M.P. Thakkar, J.
1. Breathes there a man who would not become a cynic on being apprised of the sentence imposed in the two allied cases giving rise to the twin appeals preferred by the State for enhancement of the sentence of one day's (heavens be praised that a Court cannot impose substantive sentence of less than a day) S.T. for selling innocuous salts under the label of Tetracycline? One must possess nerves of steel not to become a cynic when virtually a licence to kill is issued on payment of a paltry fine for one way of killing is to create an illusion that the disease is being curbed and cured by annihilating the bacteria, when the bacteria are allowed to become more and more vigorous without slightest resistance. What else will happen when innocuous salts are administered instead of antibiotics? And what follows will prove the oft quoted cliche: truth is stranger than fiction.
2. A Science Graduate who was employed as a '-qualified person' within the meaning of Rule 65 of the Drugs and Comseties Rules 1945 (Rules), sold and distributed 4300 capsules, purporting to be Tetracycline capsules, on his own, to a firm of Chemists and Drugists at Ahmedabad and was trapped in view of the prior written information conveyed by the purchaser firm. The capsules were seized from his possession and were sent for analysis to the Government Analyst of the Drugs Laboratory at Baroda His report indicated that the stuff which was packed in the capsules was not Tetracycline at all. The report established that the potency of the contents of the capsules was Nil. The contents, when analysed, indicated the presence of (i) sodium bicarbonate, (ii) sodium chloride, and (iii) colouring matter, which had no therapeutic value or properties ascribable to a high potency antibiotic like Tetracycline, a drug, which, it is well-known is a life saving drug, widely prescribed and used by the medical profession. The respondent, Vinay Vithaldas Shah, was prosecuted for offences under Sections 18(i)(ii), 18 (a) (ii-a) and Section 18(c) read with Section 27 of the Drugs and Cosmetics Act, 1940 (hereafter referred to as 'the Drugs Act') in Criminal Cases Nos. 1221 of 1974 and 1220 of 1974 in the Court of the Metropolitan Magistrate, 3rd' Court, Ahmedabad, and after recording the evidence of P.W.I. Raval Senior Drugs Inspector a charge was framed against the respondent for the aforesaid offences. The respondent pleaded guilty to the charge. He stated that he had procured the capsules from one Babubhai and that he had supplied the capsules to Jagdipbhai of Harikrishna Medical Agencies. He prayed for mercy on the ground that he had a family to maintain and it was his first offence. He also stated that he had lost his employment on account of the prosecution. The learned trial Magistrate accepted his plea of guilty and convicted the respondent for offences under Sections 18(a)(ii), 18(a)(ii-a) 18(c) read with Section 27, and Section 27(b) of the Drugs and Cosmetics Act. He imposed a token sentence of simple imprisonment for a day for the offence under Sections 18(a)(ii) and 18(a)(ii)(ii-a) read with Section 27(a) (i). He also sentenced him to pay a fine of Rs. 750/- and in lieu thereof, to suffer rigorous imprisonment for three month. For the offence under Section 18(c), read with Section 27(a)(ii), only a sentence of fine Rs. 750/- was imposed. So also, for the offence under Section 18(a) (i) read with Section 27 (b), a sentence of mere fine of Rs. 750/- was imposed. In effect, therefore, the respondent was sentenced to suffer imprisonment till the rising of the Court and to pay a total fine of Rs. 2,250/-. The State of Gujarat has preferred the present two appeals and has contended that the sentence imposed by the concerned trial Magistrate is unduly lenient and requires to be enhanced.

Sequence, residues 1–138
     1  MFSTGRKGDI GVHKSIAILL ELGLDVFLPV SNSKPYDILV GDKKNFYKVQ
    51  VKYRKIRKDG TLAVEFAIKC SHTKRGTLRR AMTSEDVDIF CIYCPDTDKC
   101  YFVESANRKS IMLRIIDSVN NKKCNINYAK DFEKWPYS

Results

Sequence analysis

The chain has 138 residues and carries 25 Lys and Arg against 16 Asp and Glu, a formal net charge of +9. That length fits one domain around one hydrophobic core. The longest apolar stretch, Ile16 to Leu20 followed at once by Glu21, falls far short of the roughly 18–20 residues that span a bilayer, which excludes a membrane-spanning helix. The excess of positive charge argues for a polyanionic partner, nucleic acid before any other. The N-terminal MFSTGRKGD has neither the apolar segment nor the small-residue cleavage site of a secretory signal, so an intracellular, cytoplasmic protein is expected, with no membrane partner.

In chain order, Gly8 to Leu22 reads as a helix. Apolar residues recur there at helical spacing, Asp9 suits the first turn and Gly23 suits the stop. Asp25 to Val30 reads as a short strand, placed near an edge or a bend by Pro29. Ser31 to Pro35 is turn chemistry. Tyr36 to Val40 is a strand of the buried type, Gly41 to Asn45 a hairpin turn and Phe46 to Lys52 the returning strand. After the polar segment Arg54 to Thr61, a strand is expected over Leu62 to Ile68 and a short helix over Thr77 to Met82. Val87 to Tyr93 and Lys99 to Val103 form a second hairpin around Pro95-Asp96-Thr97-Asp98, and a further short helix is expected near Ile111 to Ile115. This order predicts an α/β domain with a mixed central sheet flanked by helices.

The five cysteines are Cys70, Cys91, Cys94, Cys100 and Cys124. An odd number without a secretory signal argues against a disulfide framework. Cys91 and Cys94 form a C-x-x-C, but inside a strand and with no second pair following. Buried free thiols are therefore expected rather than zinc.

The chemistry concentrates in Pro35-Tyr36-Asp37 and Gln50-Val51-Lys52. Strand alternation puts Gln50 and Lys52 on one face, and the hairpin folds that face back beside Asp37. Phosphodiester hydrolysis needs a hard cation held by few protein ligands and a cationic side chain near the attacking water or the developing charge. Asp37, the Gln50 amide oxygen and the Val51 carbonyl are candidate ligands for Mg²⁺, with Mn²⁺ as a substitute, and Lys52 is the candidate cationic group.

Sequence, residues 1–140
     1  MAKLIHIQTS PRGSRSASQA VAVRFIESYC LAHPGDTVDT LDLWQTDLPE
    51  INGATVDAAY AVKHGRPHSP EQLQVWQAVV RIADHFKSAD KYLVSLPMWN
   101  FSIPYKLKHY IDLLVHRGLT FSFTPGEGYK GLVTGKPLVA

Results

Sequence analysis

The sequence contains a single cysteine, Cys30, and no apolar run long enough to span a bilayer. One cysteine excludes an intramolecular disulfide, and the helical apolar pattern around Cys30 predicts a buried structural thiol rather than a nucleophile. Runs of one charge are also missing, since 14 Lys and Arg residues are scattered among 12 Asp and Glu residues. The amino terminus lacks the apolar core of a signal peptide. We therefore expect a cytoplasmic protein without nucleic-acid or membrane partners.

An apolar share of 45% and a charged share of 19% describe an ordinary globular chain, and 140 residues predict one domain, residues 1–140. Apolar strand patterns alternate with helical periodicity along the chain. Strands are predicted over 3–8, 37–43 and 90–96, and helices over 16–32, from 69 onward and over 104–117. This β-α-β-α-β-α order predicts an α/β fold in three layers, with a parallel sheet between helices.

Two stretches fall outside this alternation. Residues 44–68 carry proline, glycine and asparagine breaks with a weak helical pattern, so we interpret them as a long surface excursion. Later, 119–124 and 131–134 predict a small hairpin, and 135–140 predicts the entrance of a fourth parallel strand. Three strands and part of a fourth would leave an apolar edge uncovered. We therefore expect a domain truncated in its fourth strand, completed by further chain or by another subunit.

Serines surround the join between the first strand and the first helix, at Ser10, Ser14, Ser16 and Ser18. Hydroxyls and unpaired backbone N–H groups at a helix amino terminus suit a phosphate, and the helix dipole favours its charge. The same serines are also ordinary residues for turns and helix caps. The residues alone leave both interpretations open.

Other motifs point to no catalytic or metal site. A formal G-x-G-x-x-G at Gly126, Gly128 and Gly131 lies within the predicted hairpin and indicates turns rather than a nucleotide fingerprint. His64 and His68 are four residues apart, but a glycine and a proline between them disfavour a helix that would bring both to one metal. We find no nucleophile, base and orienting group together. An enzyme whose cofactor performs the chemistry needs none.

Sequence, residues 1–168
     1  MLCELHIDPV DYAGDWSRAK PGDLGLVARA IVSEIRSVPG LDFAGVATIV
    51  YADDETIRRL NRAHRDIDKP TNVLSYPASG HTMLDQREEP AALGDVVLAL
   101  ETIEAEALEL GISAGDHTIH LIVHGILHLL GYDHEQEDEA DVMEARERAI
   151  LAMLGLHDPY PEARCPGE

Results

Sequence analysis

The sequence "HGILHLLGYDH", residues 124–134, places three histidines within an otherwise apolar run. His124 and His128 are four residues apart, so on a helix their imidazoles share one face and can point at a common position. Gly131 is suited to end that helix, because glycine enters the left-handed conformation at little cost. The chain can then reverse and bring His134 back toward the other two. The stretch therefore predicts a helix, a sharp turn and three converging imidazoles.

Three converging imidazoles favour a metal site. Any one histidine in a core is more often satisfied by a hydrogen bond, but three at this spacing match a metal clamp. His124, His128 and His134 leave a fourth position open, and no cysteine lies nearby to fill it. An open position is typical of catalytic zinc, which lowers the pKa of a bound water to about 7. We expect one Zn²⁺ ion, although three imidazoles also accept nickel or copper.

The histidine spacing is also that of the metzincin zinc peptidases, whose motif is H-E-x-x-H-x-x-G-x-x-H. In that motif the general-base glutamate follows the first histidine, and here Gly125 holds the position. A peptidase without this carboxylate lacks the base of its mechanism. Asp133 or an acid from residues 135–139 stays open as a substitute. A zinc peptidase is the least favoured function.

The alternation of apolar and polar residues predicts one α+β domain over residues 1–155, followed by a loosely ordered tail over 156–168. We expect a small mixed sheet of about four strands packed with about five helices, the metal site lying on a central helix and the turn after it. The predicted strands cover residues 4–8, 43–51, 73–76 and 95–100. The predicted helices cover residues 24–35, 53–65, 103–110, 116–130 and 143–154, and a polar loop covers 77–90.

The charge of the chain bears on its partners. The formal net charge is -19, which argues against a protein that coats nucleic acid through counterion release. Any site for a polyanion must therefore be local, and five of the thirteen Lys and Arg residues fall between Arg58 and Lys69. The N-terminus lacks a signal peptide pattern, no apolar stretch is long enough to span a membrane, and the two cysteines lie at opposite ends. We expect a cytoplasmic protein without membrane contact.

3. The learned Public Prosecutor has called my attention to the provision embodied in Section 27 of the Drugs Act which enjoins that any person who is found guilty of selling or stocking for sale or distribution any drug which is mis-branded under Clause (a), Clause (b). Clause (c), Clause (d), Clause (f) or Clause (g) of Section 17 or adulterated under Section 17B of any drug without a valid licence as required under Clause (c) of Section 18 shall be punishable with imprisonment for a term which shall not be less than one year but which may extend to ten years and shall also be liable to fine. The proviso to Section 27 empowers the Court 'for any special reasons to be recorded in writing' to impose a sentence of imprisonment of less than one year. The learned Public Prosecutor argued that notwithstanding the mandatory provision embodied in Section 27 the learned trial Magistrate has imposed a sentence of less than the minimum term of one year prescribed by Section 27(a) (ii), and has imposed a ridiculously low sentence of imprisonment for one day, coupled with a fine of is even otherwise having regard to the nature of the offence, the learned trial Magistrate ought to have awarded a substantive sentence which is sufficiently deterrent to the offender who was found guilty, as also to others who are like-minded.
4. The grounds specified in the judgment for awarding such a low sentence cannot but cause dismay. The only ground which is mentioned is that the respondent has already lost his employment and that if he is sent to jail, he will suffer more. Everyone who has to go to jail has to suffer some inconvenience. The mere fact that he will suffer inconvenience is no ground (it cannot even be considered a good excuse) for awarding less than the minimum sentence, particularly when the offence is a serious offence under the Drugs Act. The gravity of the offence hardly needs to be emphasised. That the Parliament has considered this to be a serious offence is evident from the circumstance that Parliament has not only prescribed a penalty of imprisonment extending to ten years but has made a simultaneous provision for a minimum sentence of one year. Even when the Parliament has empowered the Court to impose a lesser sentence, it is 'for any special reasons to be recorded in writing' which provides a clue to the overwhelming anxiety of the Parliament to ensure that appropriate punishment is meted out and that undue' leniency is not shown, without reasons, may, without good reasons which can stand the scrutiny of a social eye.